Akcja Wisla uprooted ALL Greek Catholics, not just Lemkos. ... From: Zenon Kuzik To: Kresy-Siberia@yahoogroups.com Sent: Tuesday, January 29, 2013 2:54 AMMessage 76 of 76 , Jan 29View SourceAkcja Wisla uprooted ALL Greek Catholics, not just Lemkos.----- Original Message -----From: Zenon KuzikSent: Tuesday, January 29, 2013 2:54 AMSubject: Re: [www.Kresy-Siberia.org] Ethnicity vs. citizenshipDear Basia,Point taken about language being organic, but the man in Wroclaw was quite adamant that Polish as spoken in present-day Poland has been bastardised: his subjective opinion.I think that if the Lithuanian lady had a painful experience, she probably allowed that to cloud her judgment regarding the past: subjective emotion distorting objective facts/reality. I am not necessarily condemning her because of this, as we can all be guilty of doing the same - the present writer included!You mentioned the Bieszczady region and the ethnic cleansing that took place there. This was part of what is known as Akcja Wisla which uprooted Lemkos and other Ruthenians/Ukrainians from their ancestral lands. Remember, of course, that this took place during the Communist era, at the behest of Moscow.Interestingly, I knew some Lemko folk who were victims of this tragedy. Yet they did not become anti-Polish as a result. They were aware of the circumstances behind their painful experience and were very friendly towards the Poles they came across in their new land of Australia, and were happy to speak in (non-bastardised!) Polish. I think they could have taught that Lithuanian lady a thing or two! By the way, as those native to Bieszczady were mostly Greek Catholics, and not Orthodox, it would seem more likely that the service you witnessed was led by GC and RC clergy.Your contributions are much appreciated.Zenon KuzikNew Zealand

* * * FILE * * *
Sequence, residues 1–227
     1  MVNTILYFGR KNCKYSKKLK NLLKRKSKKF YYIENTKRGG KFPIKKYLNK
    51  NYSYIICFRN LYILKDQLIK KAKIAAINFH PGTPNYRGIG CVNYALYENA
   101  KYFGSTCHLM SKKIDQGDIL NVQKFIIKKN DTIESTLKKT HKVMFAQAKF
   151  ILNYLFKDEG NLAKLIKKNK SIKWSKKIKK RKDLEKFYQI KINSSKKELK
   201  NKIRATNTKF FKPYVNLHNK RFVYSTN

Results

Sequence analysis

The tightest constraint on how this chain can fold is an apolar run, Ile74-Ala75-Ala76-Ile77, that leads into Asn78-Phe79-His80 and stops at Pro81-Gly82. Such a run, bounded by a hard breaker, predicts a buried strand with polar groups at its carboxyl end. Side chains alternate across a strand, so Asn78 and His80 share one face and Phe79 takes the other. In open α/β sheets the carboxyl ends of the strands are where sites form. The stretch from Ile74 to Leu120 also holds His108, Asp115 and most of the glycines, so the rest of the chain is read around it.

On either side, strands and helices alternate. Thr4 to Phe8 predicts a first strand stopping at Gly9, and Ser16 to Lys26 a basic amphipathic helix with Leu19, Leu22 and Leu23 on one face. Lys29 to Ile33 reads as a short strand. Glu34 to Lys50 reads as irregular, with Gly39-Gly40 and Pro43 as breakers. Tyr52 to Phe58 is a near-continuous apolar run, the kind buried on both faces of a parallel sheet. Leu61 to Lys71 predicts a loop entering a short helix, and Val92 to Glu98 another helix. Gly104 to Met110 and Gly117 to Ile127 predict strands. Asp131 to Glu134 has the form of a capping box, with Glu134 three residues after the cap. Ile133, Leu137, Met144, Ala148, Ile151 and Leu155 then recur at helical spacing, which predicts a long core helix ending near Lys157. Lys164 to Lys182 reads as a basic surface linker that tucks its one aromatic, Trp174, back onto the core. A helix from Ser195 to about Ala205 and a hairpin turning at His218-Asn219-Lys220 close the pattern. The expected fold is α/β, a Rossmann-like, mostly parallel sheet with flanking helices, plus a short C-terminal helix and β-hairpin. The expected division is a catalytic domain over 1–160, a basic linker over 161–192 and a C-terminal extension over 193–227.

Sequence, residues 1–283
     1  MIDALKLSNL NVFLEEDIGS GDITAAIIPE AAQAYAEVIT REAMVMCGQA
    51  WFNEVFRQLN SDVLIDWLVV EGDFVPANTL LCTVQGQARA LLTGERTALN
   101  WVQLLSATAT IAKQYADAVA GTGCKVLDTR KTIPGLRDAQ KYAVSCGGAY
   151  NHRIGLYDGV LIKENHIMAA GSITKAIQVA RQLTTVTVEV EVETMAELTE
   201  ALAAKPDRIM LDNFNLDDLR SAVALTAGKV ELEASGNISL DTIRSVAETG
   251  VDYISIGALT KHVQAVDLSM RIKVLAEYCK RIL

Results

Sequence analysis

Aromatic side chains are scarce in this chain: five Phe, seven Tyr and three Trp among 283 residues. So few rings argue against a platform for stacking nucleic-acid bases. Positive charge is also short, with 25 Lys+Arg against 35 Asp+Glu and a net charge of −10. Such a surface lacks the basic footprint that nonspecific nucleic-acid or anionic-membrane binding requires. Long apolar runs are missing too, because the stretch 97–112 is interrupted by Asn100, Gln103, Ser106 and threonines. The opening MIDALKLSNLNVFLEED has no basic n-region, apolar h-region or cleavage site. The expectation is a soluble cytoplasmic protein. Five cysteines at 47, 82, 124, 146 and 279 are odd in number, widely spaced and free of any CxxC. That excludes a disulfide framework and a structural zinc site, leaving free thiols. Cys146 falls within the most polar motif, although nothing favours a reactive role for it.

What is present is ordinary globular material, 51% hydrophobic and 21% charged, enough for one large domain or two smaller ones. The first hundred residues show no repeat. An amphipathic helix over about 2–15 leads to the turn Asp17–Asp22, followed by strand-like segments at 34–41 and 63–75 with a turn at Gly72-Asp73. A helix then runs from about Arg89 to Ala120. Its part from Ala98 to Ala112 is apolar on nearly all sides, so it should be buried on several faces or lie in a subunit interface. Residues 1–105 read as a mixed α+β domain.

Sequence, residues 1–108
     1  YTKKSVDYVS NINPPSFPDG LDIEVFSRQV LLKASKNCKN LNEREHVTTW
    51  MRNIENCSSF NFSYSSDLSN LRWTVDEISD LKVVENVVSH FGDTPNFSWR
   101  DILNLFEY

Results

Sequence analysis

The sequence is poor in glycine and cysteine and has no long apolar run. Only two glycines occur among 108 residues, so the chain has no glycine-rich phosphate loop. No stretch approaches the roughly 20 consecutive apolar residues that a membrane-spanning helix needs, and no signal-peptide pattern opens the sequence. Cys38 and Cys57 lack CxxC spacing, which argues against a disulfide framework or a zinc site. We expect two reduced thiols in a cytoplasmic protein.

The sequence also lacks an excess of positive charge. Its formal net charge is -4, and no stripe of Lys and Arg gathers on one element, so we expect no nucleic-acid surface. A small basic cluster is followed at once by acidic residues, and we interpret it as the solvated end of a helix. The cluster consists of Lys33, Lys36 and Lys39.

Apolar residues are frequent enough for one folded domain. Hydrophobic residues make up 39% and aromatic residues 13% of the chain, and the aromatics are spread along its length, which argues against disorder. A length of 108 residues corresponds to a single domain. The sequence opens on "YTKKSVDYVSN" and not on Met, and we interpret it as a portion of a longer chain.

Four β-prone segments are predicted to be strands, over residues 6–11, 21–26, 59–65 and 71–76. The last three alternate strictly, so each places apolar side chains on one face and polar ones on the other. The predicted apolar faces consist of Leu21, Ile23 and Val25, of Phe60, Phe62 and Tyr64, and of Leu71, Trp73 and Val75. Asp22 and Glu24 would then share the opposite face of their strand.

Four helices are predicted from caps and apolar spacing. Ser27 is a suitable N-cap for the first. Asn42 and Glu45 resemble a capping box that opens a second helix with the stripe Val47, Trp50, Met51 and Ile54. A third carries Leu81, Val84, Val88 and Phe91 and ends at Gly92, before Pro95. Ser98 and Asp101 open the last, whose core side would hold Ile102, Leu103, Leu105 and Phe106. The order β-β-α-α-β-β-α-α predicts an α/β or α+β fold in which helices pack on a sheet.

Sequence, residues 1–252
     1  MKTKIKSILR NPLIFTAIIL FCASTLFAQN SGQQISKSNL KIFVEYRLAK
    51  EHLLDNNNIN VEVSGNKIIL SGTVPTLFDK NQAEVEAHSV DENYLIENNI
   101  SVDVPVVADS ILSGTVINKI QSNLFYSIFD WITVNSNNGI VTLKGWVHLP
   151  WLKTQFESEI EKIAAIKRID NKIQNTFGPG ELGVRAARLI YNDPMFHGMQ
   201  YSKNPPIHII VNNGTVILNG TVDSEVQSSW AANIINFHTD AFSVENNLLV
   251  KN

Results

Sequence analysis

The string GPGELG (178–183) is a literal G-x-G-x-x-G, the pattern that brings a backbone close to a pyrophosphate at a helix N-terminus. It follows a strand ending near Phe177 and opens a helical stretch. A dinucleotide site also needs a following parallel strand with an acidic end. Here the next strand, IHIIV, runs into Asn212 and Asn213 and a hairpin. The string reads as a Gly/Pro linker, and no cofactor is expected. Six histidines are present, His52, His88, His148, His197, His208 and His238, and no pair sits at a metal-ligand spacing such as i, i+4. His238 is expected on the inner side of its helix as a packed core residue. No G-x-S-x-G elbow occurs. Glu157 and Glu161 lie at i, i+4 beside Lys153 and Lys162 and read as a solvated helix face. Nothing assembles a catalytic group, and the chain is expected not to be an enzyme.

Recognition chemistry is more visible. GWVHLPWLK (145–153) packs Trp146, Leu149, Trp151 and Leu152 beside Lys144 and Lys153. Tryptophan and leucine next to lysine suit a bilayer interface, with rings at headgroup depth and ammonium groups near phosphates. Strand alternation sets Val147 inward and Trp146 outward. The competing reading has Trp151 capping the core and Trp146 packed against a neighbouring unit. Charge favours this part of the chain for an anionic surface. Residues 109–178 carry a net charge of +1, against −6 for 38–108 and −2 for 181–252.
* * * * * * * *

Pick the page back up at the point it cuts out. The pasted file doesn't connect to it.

From: Basia <basia@...>
Sent: Tuesday, 29 January 2013 9:10 PM
Subject: [www.Kresy-Siberia.org] Ethnicity vs. citizenship
Dear ZenonLanguage is very "organic" it changes! There are many factors which affect that.In my humble opinion, it is not that language is/was better, just different, evolved,and many factors affect that.Just consider the variants in English around the world.That is a fact, and we tend to cling to what is familiar to us.That too is understandable.The difference in language is significantly noticeable when I speak to younger generation Poles (I am mother in law to a gorgeous "real" Pole, 10 years out of Poland).I speak very reasonable Polish (apparently) and I do hear the "difference" in the younger generation.As for the lady from LithuaniaHer experience is obviously painful, her memories are based on her personal experiences and stories.This why I embrace, to the best of my ability (not always successfully) an openness to learn about/from other cultures before forming cautious opinions.I was in the Bieszczady region of Poland a few years ago, I don't exactly know the facts between the changing borders, but I was, for the first time, seeing evidence of ethnic cleansing, by Poles, which caused me terrible pain.There was an extraordinary process of reconciliation happening when I was (purely by fluke) there. A marvellous service, in a church rebuilt from rubble, officiated at by Roman Catholic and Orthodox priests (bishops or even higher I think) One of the most moving days in my life.It filled me with hope for the human race.Basia Zielinska (Sydney)From: Zenon Kuzik <zenon.kuzik@...>
Date: Mon, 28 Jan 2013 20:16:19 -0800 (PST)
To: "Kresy-Siberia@yahoogroups.com" <Kresy-Siberia@yahoogroups.com>
Subject: Re: [www.Kresy-Siberia.org] Ethnicity vs. citizenshipDear Basia,What a great reply - thank you! Stanislaw from Moscow's contribution certainly gave food for thought as well.Another aspect that "distances" me from modern Poland is that I have come across recent immigrants from that country who are not at all interested in connecting with the older Poles of my parents' generation. They seem to regard them as foreigners! Anyhow, I was heartened when a man in Wroclaw, whose family was originally from Volhynia, said that my father spoke much better Polish than most people in present-day Poland. We multi-ethnics from the former Eastern Poland are the true heirs of the Polish-Lithuanian Commonwealth. What a shame that the Lithuanian lady referred to by Dan Ford in his recent post has such a narrow (blinkered?) view of the past.Gratefully,Zenon KuzikAcross the Ditch from Sydney